Is this the “value proposition” for purchasing an apartment in Auckland’s trendy Viaduct Harbour?
A prominent advertisement in yesterday’s Weekend Herald (full-colour, on the front page of the Review section) shows a man and woman, both naked, in an amorous embrace.
You have to look closely at the other side of the ad to realise that the product being promoted is an apartment complex. There are a couple of small photos that actually show the apartments, but the main photo is all about sex.
I’m not qualified to judge whether the sex really is better by the harbour than in humbler suburbs (and with “apartments priced from $750,000” I’m unlikely to find out soon).
But I believe this advertisement will have offended many New Zealanders and done no credit to the people who produced it.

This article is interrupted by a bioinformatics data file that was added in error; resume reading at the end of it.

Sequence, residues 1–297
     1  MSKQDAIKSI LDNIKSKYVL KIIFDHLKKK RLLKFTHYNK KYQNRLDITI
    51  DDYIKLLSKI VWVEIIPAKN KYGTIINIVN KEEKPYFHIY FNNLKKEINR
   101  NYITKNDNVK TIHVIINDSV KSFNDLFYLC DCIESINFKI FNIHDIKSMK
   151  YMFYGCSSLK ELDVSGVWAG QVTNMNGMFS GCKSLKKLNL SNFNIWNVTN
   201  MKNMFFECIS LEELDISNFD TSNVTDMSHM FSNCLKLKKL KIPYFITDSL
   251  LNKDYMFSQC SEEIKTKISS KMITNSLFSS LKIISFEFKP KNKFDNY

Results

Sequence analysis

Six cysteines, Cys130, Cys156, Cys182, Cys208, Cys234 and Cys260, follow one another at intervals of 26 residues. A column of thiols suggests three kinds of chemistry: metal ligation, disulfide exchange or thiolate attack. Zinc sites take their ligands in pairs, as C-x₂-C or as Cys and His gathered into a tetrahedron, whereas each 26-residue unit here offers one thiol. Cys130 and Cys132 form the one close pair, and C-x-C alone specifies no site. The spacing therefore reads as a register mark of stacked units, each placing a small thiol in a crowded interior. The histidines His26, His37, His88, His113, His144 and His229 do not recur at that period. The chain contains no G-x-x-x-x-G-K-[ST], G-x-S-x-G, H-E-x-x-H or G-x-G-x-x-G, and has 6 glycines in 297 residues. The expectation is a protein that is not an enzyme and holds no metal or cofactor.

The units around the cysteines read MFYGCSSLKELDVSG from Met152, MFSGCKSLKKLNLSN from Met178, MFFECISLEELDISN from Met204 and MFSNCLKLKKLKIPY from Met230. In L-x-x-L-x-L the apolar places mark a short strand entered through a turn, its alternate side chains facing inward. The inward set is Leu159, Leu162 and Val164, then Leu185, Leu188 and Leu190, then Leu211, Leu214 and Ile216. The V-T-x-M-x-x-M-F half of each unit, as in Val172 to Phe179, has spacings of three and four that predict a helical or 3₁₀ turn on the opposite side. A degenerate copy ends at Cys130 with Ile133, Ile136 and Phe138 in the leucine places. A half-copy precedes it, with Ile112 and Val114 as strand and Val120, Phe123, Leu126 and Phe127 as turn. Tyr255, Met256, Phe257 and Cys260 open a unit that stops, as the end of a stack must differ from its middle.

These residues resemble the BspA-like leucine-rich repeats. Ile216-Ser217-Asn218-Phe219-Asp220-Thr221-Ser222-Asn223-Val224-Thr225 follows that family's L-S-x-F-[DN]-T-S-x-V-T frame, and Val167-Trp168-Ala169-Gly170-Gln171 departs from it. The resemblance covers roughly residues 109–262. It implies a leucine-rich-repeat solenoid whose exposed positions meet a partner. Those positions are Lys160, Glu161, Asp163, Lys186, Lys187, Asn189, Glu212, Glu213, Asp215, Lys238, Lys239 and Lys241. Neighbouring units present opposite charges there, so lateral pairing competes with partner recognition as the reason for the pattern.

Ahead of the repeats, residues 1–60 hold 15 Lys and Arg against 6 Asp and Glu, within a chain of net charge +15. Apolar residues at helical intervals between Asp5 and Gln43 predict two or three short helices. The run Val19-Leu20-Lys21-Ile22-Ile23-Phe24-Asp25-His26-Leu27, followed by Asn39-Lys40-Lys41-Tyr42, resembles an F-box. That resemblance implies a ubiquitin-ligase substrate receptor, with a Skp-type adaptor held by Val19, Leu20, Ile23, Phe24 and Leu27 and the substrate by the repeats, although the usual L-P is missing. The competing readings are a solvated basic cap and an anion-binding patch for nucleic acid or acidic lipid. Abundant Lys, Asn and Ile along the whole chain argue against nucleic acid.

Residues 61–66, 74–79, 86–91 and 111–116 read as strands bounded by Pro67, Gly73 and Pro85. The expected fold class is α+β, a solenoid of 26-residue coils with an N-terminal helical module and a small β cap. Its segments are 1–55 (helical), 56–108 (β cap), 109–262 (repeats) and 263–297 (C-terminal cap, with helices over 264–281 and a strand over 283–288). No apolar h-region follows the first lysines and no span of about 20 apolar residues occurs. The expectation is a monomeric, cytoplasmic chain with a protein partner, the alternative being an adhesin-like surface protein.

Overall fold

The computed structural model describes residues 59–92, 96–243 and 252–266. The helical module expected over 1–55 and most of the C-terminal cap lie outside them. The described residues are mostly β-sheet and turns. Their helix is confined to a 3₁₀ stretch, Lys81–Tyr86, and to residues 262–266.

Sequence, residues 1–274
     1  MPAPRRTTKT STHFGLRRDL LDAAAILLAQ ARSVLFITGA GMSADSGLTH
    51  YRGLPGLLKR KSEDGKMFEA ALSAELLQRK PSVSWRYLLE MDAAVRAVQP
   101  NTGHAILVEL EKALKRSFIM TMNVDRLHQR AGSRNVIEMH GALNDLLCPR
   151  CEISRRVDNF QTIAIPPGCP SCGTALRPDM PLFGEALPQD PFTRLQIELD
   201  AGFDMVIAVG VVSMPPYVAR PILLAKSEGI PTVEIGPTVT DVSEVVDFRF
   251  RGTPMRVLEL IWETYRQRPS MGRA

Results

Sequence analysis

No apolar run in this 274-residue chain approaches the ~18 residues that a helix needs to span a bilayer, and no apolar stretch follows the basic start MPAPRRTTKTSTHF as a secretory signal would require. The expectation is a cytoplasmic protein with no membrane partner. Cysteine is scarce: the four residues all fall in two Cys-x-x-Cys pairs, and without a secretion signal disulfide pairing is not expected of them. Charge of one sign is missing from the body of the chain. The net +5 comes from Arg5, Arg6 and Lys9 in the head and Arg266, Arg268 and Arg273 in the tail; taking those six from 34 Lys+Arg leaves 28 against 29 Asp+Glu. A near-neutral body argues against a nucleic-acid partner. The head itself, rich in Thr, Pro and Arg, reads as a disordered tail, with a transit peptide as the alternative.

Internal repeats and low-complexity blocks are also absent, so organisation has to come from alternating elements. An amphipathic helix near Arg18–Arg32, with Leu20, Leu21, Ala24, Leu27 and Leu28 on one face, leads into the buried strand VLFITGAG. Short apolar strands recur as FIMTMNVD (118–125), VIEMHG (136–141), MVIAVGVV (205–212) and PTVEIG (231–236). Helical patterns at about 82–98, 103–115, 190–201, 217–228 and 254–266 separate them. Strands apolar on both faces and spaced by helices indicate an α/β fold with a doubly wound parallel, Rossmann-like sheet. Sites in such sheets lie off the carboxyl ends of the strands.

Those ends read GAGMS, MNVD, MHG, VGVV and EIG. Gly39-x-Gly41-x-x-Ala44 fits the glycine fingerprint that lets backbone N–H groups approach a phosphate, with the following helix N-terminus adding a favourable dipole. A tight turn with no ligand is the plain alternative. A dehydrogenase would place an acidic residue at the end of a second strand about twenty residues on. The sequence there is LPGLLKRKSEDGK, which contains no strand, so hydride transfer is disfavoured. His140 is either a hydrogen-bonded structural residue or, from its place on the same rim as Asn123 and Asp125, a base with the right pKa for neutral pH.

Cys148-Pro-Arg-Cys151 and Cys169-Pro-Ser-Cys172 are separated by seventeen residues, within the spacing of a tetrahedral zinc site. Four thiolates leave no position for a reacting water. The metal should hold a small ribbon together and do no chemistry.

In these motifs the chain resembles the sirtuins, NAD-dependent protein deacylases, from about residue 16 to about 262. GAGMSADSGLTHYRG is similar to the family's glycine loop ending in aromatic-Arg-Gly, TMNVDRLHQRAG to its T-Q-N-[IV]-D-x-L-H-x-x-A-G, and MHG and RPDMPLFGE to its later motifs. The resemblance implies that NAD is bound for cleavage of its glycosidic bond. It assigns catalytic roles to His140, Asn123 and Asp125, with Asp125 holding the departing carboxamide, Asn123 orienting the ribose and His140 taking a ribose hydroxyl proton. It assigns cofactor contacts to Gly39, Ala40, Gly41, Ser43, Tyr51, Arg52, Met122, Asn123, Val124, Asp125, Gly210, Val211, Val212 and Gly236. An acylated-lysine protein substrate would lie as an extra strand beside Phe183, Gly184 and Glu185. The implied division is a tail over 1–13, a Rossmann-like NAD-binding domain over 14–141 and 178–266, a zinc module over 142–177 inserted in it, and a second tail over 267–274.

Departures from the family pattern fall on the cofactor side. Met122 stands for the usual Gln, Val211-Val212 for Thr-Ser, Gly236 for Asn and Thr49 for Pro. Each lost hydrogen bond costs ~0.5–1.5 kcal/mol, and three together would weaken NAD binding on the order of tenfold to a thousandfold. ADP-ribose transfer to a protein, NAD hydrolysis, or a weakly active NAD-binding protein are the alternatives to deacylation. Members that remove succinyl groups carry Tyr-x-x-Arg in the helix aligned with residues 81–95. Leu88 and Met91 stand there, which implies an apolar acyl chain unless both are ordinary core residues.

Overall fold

Thanks to John Utanga and the Pacific Islands Media Association for inviting me to participate in a panel discussion at their conference in Auckland today. It’s always great to see journalists looking to spread their work and interact with their readers online.
Here are key points from the panel members in the order in which they spoke:
Neil Sanderson (editor, nzherald.co.nz)
- There are about 50 staff working in the New Zealand Herald’s online operation, but a small (and more narrowly focused) news website could be run with a single part-timer. At many of our company’s smaller newspapers a newspaper sub-editor also updates the website.
- It isn’t necessary to spend huge amounts of money to get online. A very simple site could be built on free blogging software (such as WordPress) for example.